This month Off the Edge is celebrating it's first anniversary as a separate entity from the financial newspaper which spawned it. Congrats to Jason Tan and team for producing a glossy mag which is both intelligent and visually delicious, which talks art and literature and politics, which isn't shy to be appropriately subversive at times, which isn't afraid to feature the occasional piece of locally written fiction, and which is prepared to explore issues in depth. Happy birthday!
My only wish (and a selfish one at that) is that more of the features were available online so that I could pick them up and run with them on this blog, and that they were archived. (Some articles from previous issues can be found here.)
Anyway ... in the current issue there is a (very!) lengthy interview with Datuk Johan Jaafar who in Deputy was former Editor-in -Chief of Utusan Malaysia and is now deputy chairman of the Malay literary board Dewan Bahasa dan Pustaka. The whole thing is worth a read, but I give you this snippet because it is most quoteworthy:
Are we producing good works of literature now? Ask yourself, what was the last good malay novel you read? If you ask me I would say Hujan Pagi (by A. Samad Said) published more than 26 years ago. Where are the tomes, the canons, the masterpieces? Sadly, today's literature has little time for the poor, the downtrodden, the rakyat or even the successful. We are still nostalgic for Shahnon Ahmad and Samad Said's works becasue we're not producing good contemporary novels.Picisan? A Malayisation of "fiction"? Nice!
The most-read Malay novels are the popular ones - picisan, they call it. At least 20,000 copies of any one of these titles are printed. one such novel, retailing at RM49 is selling more than 50,000 copies, and it will take at least five years to finish the stock. People don't read serious stuff anymore. Period.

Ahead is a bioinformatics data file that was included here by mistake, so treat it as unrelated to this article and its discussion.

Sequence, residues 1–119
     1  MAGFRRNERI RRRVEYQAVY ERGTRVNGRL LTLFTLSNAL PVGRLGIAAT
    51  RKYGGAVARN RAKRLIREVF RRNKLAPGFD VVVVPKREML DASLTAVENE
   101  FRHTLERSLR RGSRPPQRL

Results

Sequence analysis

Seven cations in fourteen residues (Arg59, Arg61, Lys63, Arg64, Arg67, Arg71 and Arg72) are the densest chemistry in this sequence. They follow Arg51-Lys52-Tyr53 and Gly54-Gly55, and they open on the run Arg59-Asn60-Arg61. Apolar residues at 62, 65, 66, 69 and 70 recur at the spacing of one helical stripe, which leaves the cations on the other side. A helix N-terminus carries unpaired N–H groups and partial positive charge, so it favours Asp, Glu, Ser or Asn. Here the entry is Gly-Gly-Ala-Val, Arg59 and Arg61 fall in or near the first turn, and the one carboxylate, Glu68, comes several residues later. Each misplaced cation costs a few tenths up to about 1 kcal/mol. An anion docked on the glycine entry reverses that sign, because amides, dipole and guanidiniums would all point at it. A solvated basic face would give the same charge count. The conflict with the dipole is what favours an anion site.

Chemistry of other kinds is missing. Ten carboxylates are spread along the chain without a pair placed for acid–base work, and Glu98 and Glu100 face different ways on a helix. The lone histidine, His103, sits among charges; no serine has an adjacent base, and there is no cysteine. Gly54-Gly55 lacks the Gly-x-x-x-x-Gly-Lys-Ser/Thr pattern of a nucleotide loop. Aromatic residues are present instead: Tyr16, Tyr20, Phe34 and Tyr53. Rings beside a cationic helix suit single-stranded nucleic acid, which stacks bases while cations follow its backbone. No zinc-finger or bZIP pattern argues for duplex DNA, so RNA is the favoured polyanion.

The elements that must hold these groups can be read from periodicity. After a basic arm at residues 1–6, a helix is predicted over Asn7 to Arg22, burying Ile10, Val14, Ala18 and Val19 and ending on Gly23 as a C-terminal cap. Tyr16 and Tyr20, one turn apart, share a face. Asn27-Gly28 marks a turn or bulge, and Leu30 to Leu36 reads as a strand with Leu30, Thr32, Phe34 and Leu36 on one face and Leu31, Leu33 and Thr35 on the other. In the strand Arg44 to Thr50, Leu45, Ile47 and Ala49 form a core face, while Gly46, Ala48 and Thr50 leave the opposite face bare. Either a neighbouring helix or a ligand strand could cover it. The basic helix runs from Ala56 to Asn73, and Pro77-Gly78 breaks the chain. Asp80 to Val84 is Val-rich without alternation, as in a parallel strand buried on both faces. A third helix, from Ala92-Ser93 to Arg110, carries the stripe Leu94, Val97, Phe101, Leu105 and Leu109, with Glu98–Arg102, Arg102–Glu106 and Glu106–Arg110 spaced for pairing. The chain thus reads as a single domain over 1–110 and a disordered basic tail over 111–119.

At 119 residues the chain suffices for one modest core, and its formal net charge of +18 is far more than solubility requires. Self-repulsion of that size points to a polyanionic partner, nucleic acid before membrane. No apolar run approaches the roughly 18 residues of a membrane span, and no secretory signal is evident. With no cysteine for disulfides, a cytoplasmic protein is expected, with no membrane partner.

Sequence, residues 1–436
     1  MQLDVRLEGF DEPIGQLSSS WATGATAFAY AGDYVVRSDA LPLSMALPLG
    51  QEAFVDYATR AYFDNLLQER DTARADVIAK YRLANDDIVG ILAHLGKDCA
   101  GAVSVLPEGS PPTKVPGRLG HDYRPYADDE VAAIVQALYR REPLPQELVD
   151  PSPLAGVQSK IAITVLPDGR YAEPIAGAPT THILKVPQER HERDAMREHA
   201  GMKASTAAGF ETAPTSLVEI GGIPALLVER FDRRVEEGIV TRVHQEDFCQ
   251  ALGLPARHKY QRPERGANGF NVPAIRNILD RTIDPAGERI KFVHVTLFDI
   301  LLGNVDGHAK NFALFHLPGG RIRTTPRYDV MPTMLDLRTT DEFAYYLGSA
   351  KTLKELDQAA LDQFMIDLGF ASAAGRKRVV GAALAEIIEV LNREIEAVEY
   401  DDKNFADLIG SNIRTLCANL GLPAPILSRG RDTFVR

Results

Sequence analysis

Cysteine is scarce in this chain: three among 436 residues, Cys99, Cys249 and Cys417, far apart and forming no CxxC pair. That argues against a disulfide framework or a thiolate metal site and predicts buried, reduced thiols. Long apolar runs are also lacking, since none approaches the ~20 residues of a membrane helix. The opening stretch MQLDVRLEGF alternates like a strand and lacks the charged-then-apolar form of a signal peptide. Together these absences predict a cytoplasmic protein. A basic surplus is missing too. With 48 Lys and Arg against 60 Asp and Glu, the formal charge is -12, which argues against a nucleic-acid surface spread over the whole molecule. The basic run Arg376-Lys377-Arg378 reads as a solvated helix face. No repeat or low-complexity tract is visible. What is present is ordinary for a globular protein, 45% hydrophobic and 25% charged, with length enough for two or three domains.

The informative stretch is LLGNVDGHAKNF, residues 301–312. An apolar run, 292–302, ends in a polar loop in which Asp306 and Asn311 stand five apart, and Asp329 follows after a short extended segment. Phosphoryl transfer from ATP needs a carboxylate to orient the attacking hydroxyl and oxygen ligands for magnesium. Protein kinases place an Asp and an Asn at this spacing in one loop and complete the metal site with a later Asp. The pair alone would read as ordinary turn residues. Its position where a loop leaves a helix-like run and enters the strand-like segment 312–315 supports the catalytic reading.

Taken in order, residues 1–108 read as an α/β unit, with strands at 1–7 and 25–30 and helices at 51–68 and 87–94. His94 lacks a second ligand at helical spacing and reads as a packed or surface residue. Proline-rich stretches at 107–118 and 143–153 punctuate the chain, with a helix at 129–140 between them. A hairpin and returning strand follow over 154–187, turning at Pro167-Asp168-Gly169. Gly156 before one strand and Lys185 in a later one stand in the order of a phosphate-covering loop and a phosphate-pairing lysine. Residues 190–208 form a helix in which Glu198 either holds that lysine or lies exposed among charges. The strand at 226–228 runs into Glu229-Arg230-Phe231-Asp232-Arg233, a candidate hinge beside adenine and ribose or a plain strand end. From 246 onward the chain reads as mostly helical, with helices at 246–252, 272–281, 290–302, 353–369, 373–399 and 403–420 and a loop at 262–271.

(It occurs to me to ask though ... where are these classic Malay novels? I never see them in the bookshops and I would like to buy them. Raman tells me it is very hard to get copies and even he doesn't have them on sale! Don't DBP need to get their finger out and actually promote their books???)
Other good stuff in this issue includes an article on Goenawan Mohammad, Indonesian poet and man of letters (also by Eddin), Rahel Joseph's review of Suketu Mehta's Maximum City: Bombay Lost and Found, and an interview with Leow Puay Tin about her curatorship of texts for Second Link. And much much more.
So thanks Off The Edge for keeping this litbuff happy. Each issue is a keeper. But please, celebrate your birthday with a decent website!
* If you find insulting the assumption made by local newspapers that being young and cool equates having nothing between your ears, it's time you started making your voice heard, I think. I certainly don't believe it to be true.
Stumped by Salina (26/1/06)